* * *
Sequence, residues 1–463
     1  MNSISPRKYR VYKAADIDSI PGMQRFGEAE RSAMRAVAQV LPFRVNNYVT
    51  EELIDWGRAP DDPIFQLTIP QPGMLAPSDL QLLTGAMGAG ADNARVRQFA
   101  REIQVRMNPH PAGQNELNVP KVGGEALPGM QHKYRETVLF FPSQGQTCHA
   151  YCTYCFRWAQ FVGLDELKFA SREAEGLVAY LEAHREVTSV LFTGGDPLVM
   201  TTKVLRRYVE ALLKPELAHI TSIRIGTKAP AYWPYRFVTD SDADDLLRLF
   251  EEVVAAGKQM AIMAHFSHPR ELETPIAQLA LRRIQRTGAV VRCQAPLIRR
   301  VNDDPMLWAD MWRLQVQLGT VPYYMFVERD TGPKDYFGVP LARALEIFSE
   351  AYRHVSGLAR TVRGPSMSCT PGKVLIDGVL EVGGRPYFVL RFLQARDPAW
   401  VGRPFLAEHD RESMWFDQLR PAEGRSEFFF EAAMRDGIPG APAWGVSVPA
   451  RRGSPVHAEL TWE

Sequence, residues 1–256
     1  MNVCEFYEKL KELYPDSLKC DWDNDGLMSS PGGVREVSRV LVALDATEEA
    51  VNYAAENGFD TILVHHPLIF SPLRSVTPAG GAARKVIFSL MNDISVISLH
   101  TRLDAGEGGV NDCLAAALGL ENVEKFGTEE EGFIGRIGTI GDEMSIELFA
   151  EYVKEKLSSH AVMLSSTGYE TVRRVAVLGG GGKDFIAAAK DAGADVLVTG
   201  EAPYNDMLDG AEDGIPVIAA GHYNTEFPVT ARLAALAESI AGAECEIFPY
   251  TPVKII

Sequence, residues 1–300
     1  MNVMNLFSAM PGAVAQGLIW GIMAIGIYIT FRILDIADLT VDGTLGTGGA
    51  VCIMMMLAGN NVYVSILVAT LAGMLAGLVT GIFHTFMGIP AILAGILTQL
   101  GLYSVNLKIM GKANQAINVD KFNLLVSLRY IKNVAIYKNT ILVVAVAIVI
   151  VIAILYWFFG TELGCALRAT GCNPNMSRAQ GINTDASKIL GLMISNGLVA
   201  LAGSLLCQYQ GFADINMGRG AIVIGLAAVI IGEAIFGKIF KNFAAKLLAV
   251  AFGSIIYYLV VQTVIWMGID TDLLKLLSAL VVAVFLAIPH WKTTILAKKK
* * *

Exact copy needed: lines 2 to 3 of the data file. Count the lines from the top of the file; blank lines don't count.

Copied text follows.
     1  MNSISPRKYR VYKAADIDSI PGMQRFGEAE RSAMRAVAQV LPFRVNNYVT
    51  EELIDWGRAP DDPIFQLTIP QPGMLAPSDL QLLTGAMGAG ADNARVRQFA